Monday, March 5, 2018

Paper White Days

I'm guessing I do the naturalist's version of watching the paint dry:  I study the way light and humidity influence the colour and visual texture of tree bark and branches.  I love late winter afternoons when the low, golden sunlight inflames the otherwise grey branches at the tops of trees.  Or I take my time driving home at that point in the blue hour when trees and branches are the inky black of a Bernard Buffet streetscape.  In the dim light, you see only the larger branches, so that the trees make sense as they don't often during the day.  Their ramifying structure is clear, like a good argument or the simplified narrative of a life.  Of course, I love the hoarfrost.  I remember years ago seeing hoarfrost two inches thick on trees around Wascana Lake:  you could tell exactly which direction the wind had come from because you could see how the damp wind had, as it were, grown the crystals on top of one another.  The other side of the tree was bare.  Even the lightest hoarfrost can make the bare dogwoods and lilacs opaline.  On the sunny days we've had lately, you can actually see the different taupes and golds and ochres and greys and blacks and browns of tree bark, and you are drawn to the few leaves that still hang on the trees--the narrow greygreen oval of Russian Olives and a round ecru leaf belonging to a tree I cannot name.  If there's a bit of humidity on such days, everything seems doubly outlined; you can see the texture of bark and all the tree branches.  Some canny landscape architect had the sense to plant rows of trees--usually not the most creative thing to do--but as you drive past these down Wascana Parkway or through the park itself, you're aware of how a naked tree's shape is the core of its identity.

And then there are days like today when the sky is simply white, and, we hope, a prelude to snow.  On such days, the otherwise varied trunks and branches are simply greybrown.  Boredom is the mood of the day.  On principle, I'm not complaining.  After our dry summer, we need the moisture this snow will bring, and snow only comes out of a white sky.  We also need the cooler weather; the sea ice above Greenland....Well, there is no sea ice above Greenland.  Any time someone complains to me about how cold it is, I have only two words for them:  "sea ice."  The polar bears are getting, on average, three fewer weeks of sea ice each spring and summer that allow them to hunt.  The result is a declining population.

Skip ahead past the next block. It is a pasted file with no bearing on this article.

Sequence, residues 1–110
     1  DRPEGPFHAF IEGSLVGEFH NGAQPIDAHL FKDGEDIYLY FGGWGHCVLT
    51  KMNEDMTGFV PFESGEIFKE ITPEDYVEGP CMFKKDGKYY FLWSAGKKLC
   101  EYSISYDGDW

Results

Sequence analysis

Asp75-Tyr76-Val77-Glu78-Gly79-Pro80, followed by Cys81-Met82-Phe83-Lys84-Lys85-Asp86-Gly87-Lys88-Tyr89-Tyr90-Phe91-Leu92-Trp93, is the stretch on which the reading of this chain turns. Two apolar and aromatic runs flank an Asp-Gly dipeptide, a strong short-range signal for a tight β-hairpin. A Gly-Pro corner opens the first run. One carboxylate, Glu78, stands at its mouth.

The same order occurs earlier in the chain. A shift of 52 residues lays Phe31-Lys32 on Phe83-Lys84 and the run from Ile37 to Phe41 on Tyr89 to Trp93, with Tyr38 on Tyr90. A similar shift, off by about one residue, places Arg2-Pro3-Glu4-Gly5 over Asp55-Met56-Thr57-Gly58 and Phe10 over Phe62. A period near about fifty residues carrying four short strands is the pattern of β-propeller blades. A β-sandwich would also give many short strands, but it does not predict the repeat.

But as I look out my window, my principles are of no use.  It's an insubstantial world we're going to live in for the next couple of days.  The world looks like a blank page.

I like blank pages.  The blank page is a perfect metaphor for possibility, a place for something new to arise, a place for hope, for the belief that human creativity is a benevolent, honourable force in the world's cultures.  I'm trying to think of a single work of art that doesn't start as a blank page, and I can't.  Even the sculptor doubtless uses drawings to plan a work.  Music, that art that all other arts aspire to, begins as a score--even though it ends as an architecture of sound that gives way to other sounds as it fades.  I've never had writer's block ("Oh-ho, I'll bet she hasn't," I can hear colleagues, friends, and family saying.  "She always has far too much to say on any topic.") so I don't know how that fear plagues artists.  I get a scintilla of it when I can't remember the perfect word which I know I need to use but cannot find.

But I don't know what to do with days when an unspeaking sky is simply blank.  Such a sky seems indifferent to us.  And why wouldn't it be, given what we are doing to it?  It offers neither the cheer of sun nor the different cheer of rain or the aestheticizing beauty of falling snow that creates a world we only half see, as if we've shut our eyes half way.  On those days when the world it too much with us, a snowy day is a balm, a reminder that the world out there isn't everything.

The snow finally began to fall Saturday, so Sunday morning I went out into another blank sky to shovel, only to realize that my sense of blankness was not entirely accurate.  There were chickadees and sparrows.  The neighbour's wind chime began to peel in the rising wind. 

Now it's snowing again.  Bill has a huge pile of snow out in our back lane from shoveling away the snow from the garage.  I think we've got enough moisture to start spring.  But I've also discovered that the farther you look into the falling snow, the more slowly the flakes fall.

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